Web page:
Lightweight boxer Lew Ayres (as “Kid” Mason) loses an important fight by not pacing himself, which irks childhood friend and manager Robert Armstrong (as George Regan). To make matters worse, the young fighter’s sexy show-girl wife Jean Harlow (as Rose) leaves New York for Hollywood. Then, Ayres begins following Mr. Armstrong’s directions, and wins the championship title. Unsuccessful at movie stardom, Ms. Harlow returns to enjoy “Iron Man” Ayres’ newfound wealth and fame.
But, Harlow has a secret lover, John Miljan (as Paul Lewis) helping her gain control over Ayres’ bank account. They plot to get rid of Armstrong, who has a weakness for alcohol to match his fondness for Ayres. Armstrong had Harlow figured as a tramp from the very beginning, but hadn’t the heart to tell his young friend. This is telegraphed to you, “radio drama”-style, with Armstrong’s line, “It’s about time that you knew that she…” Other lines are less obvious.
Director Tod Browning shows little of his flair, but gives old “extra” friend Eddie Dillon (as Jeff) a good amount of screen time.
“Iron Man” is a classic, often re-told, boxing story, with the subtleties of later revisions less buried; for example, the contention that sexual relations drain a boxer’s strength. Also interesting is the age difference between Armstrong and his beer-sharing boyhood “pal”; the casting, while perhaps unintentional, suggests the older man had an unrequited love for his handsome young charge. When he says his final, “Put on that robe, you wanna get pneumonia,” perhaps Armstrong has won Ayres’ love at last.
****** Iron Man (4/30/31) Tod Browning ~ Lew Ayres, Robert Armstrong, Jean Harlow, John Miljan
Put Your Robe On, You Wanna Get Pneumonia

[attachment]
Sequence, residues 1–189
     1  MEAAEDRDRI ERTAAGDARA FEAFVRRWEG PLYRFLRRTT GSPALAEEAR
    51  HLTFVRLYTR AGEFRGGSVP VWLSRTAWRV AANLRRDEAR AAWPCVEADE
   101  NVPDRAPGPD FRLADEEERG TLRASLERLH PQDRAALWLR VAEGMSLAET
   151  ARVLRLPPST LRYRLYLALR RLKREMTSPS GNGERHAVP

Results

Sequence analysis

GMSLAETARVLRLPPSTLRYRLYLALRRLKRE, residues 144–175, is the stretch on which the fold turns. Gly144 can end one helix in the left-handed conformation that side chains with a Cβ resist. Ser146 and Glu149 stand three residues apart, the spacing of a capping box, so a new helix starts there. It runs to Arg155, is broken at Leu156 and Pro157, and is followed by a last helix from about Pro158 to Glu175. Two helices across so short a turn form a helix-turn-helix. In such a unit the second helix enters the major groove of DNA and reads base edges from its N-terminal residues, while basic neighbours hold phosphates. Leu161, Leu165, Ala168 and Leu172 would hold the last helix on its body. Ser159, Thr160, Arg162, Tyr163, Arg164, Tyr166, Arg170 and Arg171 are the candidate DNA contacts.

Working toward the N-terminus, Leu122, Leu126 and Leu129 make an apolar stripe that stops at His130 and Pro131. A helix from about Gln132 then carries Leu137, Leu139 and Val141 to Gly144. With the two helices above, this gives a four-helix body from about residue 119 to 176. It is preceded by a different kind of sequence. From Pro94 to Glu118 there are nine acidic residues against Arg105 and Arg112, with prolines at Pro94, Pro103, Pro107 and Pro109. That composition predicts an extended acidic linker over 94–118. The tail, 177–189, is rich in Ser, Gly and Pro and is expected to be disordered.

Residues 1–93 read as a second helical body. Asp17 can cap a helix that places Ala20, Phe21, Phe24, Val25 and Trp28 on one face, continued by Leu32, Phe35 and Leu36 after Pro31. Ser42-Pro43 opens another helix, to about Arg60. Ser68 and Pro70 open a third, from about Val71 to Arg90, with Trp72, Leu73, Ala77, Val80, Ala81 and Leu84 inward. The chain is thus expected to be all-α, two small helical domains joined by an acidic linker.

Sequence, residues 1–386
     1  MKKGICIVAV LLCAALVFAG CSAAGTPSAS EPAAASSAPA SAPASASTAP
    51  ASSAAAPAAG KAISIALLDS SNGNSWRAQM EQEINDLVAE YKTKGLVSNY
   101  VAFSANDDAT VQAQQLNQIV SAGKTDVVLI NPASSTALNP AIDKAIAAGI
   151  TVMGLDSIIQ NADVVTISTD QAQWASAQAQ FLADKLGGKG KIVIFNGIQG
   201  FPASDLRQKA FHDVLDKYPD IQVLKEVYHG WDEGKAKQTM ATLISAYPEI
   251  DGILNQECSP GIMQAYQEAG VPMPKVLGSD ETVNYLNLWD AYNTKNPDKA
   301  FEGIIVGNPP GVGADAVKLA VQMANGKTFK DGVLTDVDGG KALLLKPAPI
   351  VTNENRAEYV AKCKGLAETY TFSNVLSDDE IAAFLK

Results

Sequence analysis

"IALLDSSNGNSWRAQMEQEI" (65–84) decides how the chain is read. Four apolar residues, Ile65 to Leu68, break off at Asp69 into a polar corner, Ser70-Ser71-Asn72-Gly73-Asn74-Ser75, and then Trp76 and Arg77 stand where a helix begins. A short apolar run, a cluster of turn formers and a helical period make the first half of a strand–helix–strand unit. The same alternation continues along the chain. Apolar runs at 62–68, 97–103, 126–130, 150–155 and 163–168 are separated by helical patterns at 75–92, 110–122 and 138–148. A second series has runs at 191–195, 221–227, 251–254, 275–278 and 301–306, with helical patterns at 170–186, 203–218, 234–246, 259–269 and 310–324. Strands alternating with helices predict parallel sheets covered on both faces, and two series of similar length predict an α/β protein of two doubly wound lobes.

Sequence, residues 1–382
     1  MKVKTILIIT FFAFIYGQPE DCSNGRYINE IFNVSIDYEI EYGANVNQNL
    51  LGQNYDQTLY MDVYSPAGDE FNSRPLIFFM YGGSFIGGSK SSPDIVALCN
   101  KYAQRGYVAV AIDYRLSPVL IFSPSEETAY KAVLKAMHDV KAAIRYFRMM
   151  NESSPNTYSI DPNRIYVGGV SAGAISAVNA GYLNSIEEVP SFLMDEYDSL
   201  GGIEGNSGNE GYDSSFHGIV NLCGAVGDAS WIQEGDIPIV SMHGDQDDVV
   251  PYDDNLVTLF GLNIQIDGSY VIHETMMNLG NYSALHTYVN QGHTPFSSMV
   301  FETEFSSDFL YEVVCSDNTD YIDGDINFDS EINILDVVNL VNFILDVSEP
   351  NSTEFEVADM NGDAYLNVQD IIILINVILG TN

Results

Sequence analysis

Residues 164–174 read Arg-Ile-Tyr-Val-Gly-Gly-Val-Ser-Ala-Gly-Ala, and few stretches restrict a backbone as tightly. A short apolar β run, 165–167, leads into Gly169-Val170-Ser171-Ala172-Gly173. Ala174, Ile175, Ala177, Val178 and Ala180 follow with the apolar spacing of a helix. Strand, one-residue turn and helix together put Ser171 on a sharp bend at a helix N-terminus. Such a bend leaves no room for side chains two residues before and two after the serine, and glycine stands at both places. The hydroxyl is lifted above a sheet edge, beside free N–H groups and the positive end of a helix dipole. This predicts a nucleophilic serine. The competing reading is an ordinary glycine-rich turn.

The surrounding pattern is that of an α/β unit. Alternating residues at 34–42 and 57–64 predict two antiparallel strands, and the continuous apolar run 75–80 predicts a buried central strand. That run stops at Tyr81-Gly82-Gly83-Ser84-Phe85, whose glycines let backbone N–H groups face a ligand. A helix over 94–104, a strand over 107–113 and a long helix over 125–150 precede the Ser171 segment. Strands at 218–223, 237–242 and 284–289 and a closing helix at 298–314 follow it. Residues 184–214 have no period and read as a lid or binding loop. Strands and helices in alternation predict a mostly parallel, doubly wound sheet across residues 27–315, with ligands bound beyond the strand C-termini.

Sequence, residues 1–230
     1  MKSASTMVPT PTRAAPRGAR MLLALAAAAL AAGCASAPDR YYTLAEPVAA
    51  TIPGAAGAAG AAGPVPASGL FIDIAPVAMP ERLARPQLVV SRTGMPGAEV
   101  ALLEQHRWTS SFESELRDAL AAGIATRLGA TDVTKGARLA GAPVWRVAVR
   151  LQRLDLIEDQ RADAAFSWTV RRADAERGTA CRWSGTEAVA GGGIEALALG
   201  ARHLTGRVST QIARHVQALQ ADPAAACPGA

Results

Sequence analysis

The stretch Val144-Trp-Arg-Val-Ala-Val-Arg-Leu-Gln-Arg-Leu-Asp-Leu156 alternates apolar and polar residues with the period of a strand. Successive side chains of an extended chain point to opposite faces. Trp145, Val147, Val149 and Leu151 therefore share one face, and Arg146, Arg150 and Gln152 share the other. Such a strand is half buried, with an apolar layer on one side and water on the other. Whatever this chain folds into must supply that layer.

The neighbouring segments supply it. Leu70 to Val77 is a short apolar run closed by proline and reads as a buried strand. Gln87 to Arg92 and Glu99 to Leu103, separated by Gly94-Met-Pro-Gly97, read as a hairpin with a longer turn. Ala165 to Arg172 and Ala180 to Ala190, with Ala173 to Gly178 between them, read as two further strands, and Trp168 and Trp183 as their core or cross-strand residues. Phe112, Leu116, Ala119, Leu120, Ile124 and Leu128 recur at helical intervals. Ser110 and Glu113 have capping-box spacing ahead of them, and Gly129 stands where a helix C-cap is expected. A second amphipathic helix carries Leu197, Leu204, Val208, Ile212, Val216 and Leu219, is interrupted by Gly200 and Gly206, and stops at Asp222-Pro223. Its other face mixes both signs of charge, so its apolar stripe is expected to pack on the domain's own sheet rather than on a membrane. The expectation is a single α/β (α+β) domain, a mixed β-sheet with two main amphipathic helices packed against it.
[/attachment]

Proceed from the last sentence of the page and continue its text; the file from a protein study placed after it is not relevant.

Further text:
Author: Jay Raskin from Orlando, United States
1 September 2016
For a boxing movie, there really isn’t a lot of boxing in the movie, perhaps ten minutes total. Apparently the original ran 73 minutes and the version I saw on Youtube ran 68 minutes. I suspect the missing five minutes were boxing scenes.
This may be a blessing as Lew Ayres is certainly too handsome and collegiate looking for a boxer. Without muscles, he certainly does not physically resemble any contemporary boxers.
However, the reason to watch this story is not the boxing, but to watch a strong tale of friendship between a coach and an athlete and the selfish, sinful woman who disrupts it.
The acting is terrific. Robert Armstrong had only been starring in movies since 1928 when this was made in 1931, yet this was his 20th starring role. This was two years before his career making performances in “King Kong,” and “Son of Kong,” but it is easy to see why he was chosen for the lead in those movies. He gives a rock solid, believable performance here.
Lew Ayres is a bit uneven at the beginning, but eventually grows into the part. He was 23 years old and only in his fifth starring role, with the first being the classic anti-war film “All Quiet on the Western Front.” It seems that Ayres was trying to develop a tough guy image after the romantic image he portrayed in that first film. My guess is that it was the studio’s decision. It worked with song and dance man James Cagney, but not with Ayres. Still, he’s a great actor and is easy to watch throughout.
I was surprised at how well Jean Harlow did. We should remember that she was only 21 and this was only her fourth starring role. She is quite despicable in the movie, but that was her part. She plays it with intensity and believably. I think reviewers here are criticizing her unfairly, because she doesn’t show much of her comic or sexy siren side here. However, that is not the role. She is a jaded, mean, despicable woman and she plays it straight.
Again, this is a good dramatic piece and those looking for a sports movie or light comedy (although it does have moments of humor) will be disappointed. Those looking for sharp direction from Tod Browning and wonderful performances from three great actors will enjoy the movie.